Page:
Catholics were multicultural before multicultural was cool

Catholics were multicultural before multicultural was cool

Catholics were multicultural before multicultural was cool

Pilgrims gathered in St. Peter's Square near a banner adorned with various country flags and a writing which reads: "Thank You Pope Francis". (Credit: AP)

Perhaps the Catholic Church hasn't always lived up to this aspect of her mission, but it's worth remembering, in an era in which Catholicism is sometimes accused of resisting multiculturalism, that it was actually the world's original multicultural body.

Commentary

In the contemporary world, the Catholic Church has been seen as a monolithic community with a narrow worldview. This perception seems justified at times, as the Church can function in a closed-in, ecclesial-focused manner that can approach the world with perceived hubris and a spirit of judgment.

The Second Vatican Council and the pontificates following it, especially that of Pope Francis, have challenged this confined and oftentimes cramped way of thinking and acting.

Is this inclusive approach of Vatican II new to the Church? How is the Church called by Jesus Christ to approach the world?

Perhaps a secular model can help to better assess the Church’s history and identity.

This Monday, July 4, the United States celebrates its Independence Day. The founding of this great nation was an acknowledged “experiment” since it sought to be a democratic republic politically and a melting pot of many different peoples culturally.

While things have changed on the world scene in the last two hundred years, the pluralism of the United States was a monumental break from the status quo at the time of its founding. The intention of the United States was radically unique, since cultures and nations at the time of its founding were more strictly defined and lived by people.

Germany consisted of Germanic peoples, France consisted of French people, but the United States would have no such national identity. It would consist of all people, and would truly be a multicultural nation.

While the United States has always struggled to live out this founding spirit, such as in today’s immigration debate, the model of multiculturalism was an innovative spirit from the young nation of the New World.

Multiculturalism has nourished great virtues within the human family, such as tolerance, understanding, and a broader spirit of compassion, and it stands as a reminder and a summons to the Church today of its own identity and call within the human family.

Historical events of the eighteenth, nineteenth and early twentieth centuries, and the Church’s pastoral response to them, shaped the way in which the Church saw itself and the world around it. Too often the Church’s response was more of a reaction against the world with both the bastions raised and the entrenchment deepened.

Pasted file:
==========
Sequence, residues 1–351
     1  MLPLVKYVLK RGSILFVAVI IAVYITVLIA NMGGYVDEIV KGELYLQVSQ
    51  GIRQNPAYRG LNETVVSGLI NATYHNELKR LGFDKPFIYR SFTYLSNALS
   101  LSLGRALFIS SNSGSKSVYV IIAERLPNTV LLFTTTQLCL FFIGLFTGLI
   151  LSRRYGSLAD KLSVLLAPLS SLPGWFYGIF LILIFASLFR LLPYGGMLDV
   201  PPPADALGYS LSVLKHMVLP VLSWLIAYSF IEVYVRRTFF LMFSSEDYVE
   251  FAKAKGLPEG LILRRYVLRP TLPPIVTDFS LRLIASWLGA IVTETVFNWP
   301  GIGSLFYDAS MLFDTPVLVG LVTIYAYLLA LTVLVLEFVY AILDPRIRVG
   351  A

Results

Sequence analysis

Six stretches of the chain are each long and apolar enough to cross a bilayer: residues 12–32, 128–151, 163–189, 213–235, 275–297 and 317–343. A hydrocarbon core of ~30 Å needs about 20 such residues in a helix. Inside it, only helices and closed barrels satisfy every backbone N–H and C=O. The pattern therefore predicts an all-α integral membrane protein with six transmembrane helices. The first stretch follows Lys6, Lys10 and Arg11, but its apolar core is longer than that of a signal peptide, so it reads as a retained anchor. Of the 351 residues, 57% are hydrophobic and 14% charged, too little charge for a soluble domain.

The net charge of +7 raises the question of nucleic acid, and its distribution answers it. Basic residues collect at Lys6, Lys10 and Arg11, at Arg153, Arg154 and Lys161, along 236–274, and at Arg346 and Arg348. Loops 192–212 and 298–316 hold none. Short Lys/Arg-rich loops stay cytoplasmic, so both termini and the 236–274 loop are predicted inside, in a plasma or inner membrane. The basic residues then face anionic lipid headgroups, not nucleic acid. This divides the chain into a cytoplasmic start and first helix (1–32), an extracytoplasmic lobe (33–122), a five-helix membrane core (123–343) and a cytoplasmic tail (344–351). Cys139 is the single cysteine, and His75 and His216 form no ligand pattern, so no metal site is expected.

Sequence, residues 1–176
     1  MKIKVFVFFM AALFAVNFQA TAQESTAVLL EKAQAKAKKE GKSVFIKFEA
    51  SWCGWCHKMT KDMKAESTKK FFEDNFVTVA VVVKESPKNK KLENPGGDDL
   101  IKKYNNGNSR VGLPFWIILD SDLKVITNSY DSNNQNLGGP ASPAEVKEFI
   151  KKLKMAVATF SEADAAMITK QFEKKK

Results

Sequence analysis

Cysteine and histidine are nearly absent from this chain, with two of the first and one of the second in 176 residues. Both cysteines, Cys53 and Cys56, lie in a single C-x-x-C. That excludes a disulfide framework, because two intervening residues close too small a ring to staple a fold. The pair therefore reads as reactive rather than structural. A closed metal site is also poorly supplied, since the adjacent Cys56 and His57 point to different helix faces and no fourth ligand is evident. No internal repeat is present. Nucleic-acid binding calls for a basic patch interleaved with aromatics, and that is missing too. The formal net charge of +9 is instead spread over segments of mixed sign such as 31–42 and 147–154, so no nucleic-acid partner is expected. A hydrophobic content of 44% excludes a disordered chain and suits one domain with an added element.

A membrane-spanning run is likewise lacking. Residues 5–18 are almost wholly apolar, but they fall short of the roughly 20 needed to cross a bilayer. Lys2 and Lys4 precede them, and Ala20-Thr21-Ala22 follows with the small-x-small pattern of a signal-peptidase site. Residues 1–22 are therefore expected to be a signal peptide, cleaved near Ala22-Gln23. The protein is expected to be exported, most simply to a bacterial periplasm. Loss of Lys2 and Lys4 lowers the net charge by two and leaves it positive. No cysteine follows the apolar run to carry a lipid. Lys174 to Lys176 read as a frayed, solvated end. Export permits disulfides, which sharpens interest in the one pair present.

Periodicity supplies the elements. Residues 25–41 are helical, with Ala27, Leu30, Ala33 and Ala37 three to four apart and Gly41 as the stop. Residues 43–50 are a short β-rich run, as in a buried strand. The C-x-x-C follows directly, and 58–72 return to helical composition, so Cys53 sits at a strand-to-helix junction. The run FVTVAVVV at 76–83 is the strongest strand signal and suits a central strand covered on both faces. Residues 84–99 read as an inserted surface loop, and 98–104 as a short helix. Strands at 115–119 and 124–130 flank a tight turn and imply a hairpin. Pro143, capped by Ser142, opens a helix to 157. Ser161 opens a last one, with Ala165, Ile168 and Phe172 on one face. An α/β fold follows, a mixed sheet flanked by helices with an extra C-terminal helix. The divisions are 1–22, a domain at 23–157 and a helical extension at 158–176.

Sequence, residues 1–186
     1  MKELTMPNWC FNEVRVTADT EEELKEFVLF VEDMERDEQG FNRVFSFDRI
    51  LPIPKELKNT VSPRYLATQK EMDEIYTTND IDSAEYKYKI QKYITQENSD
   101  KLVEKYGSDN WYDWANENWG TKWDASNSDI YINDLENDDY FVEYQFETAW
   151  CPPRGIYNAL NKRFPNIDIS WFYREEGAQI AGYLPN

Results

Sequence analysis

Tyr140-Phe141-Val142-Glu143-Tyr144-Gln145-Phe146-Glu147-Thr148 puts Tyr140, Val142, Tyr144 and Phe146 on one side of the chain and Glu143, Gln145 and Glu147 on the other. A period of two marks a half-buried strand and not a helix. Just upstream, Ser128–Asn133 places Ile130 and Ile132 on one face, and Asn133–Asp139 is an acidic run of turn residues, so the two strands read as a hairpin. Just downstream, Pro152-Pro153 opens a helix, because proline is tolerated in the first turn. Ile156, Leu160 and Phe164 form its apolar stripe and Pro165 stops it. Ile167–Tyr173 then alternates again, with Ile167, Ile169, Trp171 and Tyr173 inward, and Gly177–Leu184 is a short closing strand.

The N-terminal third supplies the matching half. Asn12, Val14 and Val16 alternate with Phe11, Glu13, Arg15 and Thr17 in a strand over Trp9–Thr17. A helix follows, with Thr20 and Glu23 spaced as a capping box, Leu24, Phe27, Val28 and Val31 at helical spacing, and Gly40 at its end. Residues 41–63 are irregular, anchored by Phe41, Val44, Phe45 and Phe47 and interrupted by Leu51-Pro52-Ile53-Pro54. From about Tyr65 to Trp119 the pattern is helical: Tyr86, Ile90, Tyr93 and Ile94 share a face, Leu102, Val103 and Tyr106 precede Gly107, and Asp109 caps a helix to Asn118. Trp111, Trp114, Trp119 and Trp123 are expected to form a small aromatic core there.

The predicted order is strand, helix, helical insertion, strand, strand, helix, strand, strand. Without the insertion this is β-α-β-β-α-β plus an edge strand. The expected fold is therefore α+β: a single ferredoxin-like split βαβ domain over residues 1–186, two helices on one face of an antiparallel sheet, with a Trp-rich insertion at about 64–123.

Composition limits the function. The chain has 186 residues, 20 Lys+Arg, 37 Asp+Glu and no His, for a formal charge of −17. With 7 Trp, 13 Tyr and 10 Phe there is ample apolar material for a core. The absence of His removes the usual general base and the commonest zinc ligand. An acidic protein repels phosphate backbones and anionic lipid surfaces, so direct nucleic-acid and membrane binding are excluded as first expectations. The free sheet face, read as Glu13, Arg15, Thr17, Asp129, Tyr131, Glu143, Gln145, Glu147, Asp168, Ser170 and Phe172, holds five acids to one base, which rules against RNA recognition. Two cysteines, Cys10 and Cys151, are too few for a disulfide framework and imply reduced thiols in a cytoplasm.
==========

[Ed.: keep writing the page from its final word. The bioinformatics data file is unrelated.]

The Church ran the risk of becoming a ghetto, a very self-contained, disconnected entity within the human family. Pope Pius XII would summarize this sense in 1939 with the English title of his first encyclical, Darkness Over the Earth.

Was such an approach consistent with the commission given to the Church by Jesus Christ? Did this approach serve any good for humanity or the Church itself?

The Second Vatican Council hoped for a different approach. In contrast to former reactions, the council’s first document on the Church was entitled, Light of the Nations (Lumen Gentium). And the council’s second document on the Church, hailed as the crown of the council, was pastorally named Joy and Hope (Gaudium et Spes).

The “new” approach, however, was actually a retrieval and restoration of the Church’s identity and proper engagement with the world.

On Pentecost, the peoples and languages of the world were united in the Church. From this nascence through its history, the Church has always been at its best when it remained faithful to this call to diversity and multiculturalism.

Eventually, the Church would take on the name catholic, an adjective-turned-noun, precisely because of this inclusive “universal” welcome to all peoples, nations, and languages.

Multiculturalism was the Church’s unique identity. It distinguished the Church from all other institutions and cultures.

In the ancient world, where a human being’s very personhood was granted and affirmed by its specific culture and proper society, the Church broke that mold and invited all men and women into its fold and fellowship. Even those ostracized by the world at that time, such as the foreigner, the stranger, public sinners, orphans, widows, the sick and poor, were especially welcomed and even valued as “treasures of the Church.”

In this way, the Church was the original multicultural body.

As the Church found itself entrapped by its reactions to historical events in the modern world, it was summoned and humbled back to its proper catholic identity and open engagement with the world. The multiculturalism of the United States and eventually that of other new or reborn nations reminded the Church of her own vocation to be a mother to all men and women and a refuge to those isolated or intimated by the structures and powers of the world.

Teaching and living a renewed understanding of the Church as a multicultural body has been the work of the post-conciliar popes, and the intense mission of Pope Francis.

Multiculturalism and the openness it nurtures belong to the very identity of the Church and should mark all of her teachings and actions.

The degree to which the Church and her various institutions are faithful to this multiculturalism – this catholic nature – is the degree to which the Church will be effective in the mission entrusted to it by Jesus Christ.

 

 

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